How Will Schools Reopen In The Fall After Coronavirus Closures : Coronavirus Updates The U.S. Senate's education committee grappled with the challenges public schools face as they prepare to reopen safely in the fall.

Senate Panel Asks: When Can K-12 Schools Safely Reopen?

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When can America's schools safely reopen? That is a question on my mind, on the minds of millions of parents, caregivers, not to mention on the minds of kids right now. It was also the subject of a congressional hearing today before the Senate's education committee. Well, NPR's Cory Turner was listening in. He joins me now with, I hope, maybe (laughter) an answer or two to that burning question.

Cory, hey there.

CORY TURNER, BYLINE: A few answers, though I think it goes without saying that they are all complicated.

KELLY: All right. Well, let's start with the safety recommendations that schools are trying to figure out and navigate right now. What is it going to take to reopen in the fall?

TURNER: Sure. They'll need to work with state and local leaders, I think, first and foremost, to make sure that they have testing in place as well as contact tracing. They're going to need to hire extra nurses, also custodial staff to keep K-12 classrooms clean. There's also been talk of schools hiring aides to take kids' temperatures before they get on school buses. And then there are, of course, the supplies - the masks, the sanitizer, thermometers. It is a very long list.

KELLY: Yeah, it does sound like the back-to-school supply list just got a lot longer. Do we have any idea how much this is all going to cost, and can school districts afford it all?

TURNER: We do, actually. One recent analysis estimated that for the average sized district, these extra costs could add up to about $1.8 million per district. But the one thing, Mary Louise, that we really have to keep in mind here is that these extra costs are coming at the same time as states are having to slash their education spending because of the recession and...

KELLY: Exactly.

TURNER: ...The recent shutdown. So, you know, several experts told senators today in this hearing, schools are going to need extra federal funding.

KELLY: So what does all this mean in terms of whether students are actually likely to go back to school come fall?

TURNER: I think it means in many places that they won't, at least not full-time. Kids will likely, again in many places, divide their time between in-person learning at school and remote learning continuing at home. One of the panelists today was Susana Cordova, the head of Denver's public schools. Here's what she said.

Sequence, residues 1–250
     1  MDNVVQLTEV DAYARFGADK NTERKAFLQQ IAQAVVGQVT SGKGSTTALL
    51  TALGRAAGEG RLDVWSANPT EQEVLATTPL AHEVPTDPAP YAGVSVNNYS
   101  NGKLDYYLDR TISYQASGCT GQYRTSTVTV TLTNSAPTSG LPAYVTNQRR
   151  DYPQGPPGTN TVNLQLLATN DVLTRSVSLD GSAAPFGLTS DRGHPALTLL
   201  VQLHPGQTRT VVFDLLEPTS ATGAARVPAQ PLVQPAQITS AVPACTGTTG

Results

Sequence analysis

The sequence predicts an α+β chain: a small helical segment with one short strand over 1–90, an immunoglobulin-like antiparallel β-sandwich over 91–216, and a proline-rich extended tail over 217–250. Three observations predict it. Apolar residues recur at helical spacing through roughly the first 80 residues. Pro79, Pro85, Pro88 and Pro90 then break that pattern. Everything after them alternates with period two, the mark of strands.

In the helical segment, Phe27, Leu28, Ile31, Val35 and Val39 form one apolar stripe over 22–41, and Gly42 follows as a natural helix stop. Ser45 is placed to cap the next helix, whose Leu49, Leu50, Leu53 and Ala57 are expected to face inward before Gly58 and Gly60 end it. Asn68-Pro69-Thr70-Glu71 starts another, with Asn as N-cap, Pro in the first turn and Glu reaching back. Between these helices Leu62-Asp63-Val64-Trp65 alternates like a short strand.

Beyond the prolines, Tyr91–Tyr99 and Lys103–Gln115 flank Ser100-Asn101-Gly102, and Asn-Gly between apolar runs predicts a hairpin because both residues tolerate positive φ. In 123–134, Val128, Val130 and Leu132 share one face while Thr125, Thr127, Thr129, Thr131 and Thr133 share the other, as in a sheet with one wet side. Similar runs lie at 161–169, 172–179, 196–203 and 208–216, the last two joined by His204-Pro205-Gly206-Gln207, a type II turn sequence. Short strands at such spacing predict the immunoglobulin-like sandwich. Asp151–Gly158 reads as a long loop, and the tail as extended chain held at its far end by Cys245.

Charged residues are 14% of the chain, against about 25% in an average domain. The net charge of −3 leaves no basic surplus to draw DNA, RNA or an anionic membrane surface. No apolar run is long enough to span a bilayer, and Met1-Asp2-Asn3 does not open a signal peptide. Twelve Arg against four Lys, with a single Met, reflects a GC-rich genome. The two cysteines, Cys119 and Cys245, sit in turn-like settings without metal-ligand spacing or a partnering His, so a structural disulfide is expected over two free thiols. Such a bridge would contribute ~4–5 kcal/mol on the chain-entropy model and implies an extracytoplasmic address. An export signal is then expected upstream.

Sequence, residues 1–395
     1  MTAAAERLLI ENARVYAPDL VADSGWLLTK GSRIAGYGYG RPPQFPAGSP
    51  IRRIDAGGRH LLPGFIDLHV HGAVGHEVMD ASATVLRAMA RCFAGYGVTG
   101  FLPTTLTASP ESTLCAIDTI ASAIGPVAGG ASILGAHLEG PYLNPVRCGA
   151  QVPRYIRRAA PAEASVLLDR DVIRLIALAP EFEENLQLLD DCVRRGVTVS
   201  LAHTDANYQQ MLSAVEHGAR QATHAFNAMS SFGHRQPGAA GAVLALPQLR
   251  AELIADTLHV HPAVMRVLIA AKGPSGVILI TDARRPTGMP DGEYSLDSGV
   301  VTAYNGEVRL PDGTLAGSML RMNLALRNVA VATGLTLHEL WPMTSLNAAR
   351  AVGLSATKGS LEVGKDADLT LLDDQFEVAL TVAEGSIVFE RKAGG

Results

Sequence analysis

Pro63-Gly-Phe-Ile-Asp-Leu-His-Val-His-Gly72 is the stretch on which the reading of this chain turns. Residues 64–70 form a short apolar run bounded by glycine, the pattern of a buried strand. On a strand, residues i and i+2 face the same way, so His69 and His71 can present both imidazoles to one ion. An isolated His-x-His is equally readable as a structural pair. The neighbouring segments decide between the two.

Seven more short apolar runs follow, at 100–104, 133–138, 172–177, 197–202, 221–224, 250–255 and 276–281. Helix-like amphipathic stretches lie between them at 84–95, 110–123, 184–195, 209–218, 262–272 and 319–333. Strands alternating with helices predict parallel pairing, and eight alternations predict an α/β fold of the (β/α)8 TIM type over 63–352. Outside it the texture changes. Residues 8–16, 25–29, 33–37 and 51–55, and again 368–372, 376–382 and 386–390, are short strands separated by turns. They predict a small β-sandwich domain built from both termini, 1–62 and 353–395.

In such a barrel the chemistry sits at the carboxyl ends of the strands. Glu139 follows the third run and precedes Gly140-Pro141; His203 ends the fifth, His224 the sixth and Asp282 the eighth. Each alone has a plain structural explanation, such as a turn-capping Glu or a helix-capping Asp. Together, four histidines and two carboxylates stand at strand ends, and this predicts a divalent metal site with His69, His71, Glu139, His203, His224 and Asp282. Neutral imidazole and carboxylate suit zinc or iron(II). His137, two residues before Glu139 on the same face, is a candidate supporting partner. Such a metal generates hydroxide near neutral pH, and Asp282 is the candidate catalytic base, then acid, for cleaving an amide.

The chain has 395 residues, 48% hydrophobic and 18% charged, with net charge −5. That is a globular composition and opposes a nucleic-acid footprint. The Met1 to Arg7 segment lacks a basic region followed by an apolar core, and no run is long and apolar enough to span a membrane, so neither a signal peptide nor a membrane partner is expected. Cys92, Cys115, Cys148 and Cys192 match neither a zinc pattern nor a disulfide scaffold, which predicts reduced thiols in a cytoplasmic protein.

SUSANA CORDOVA: We've shared three draft options that offer a mix of in-person and remote learning with all students having a minimum of 40% in-person learning.

TURNER: So a minimum of 40% in-person learning. She also said, though, that vulnerable students would receive a full extra day of in-person instruction each week. And then Nebraska's education commissioner said that infection rates in a given district are going to play a big role in determining, again, whether or not schools stay online or can resume in person.

KELLY: And the thing about remote learning is it was cobbled together on the fly so quickly. If it is likely that a lot of districts are going to have to keep doing at least some remote learning, was there talk today of how to make it better, of improving it?

TURNER: This was a huge subject today, Mary Louise. In fact, it kind of overshadowed the talk of the COVID safety precautions. And it was all kind of framed by these ongoing protests over police violence against black Americans. Several lawmakers and experts highlighted recent research that suggests students of color have suffered incredible learning losses that are just going to compound disparities that were already pervasive in our education system. Democratic Sen. Tina Smith of Minnesota noted that the difference in academic achievement between black and white students in her state was already unacceptably large. And she said we have a moral responsibility to not look away from this. So a lot of work left to be done, Mary Louise.

KELLY: That is NPR's Cory Turner.

Thank you, Cory.

TURNER: Thank you.

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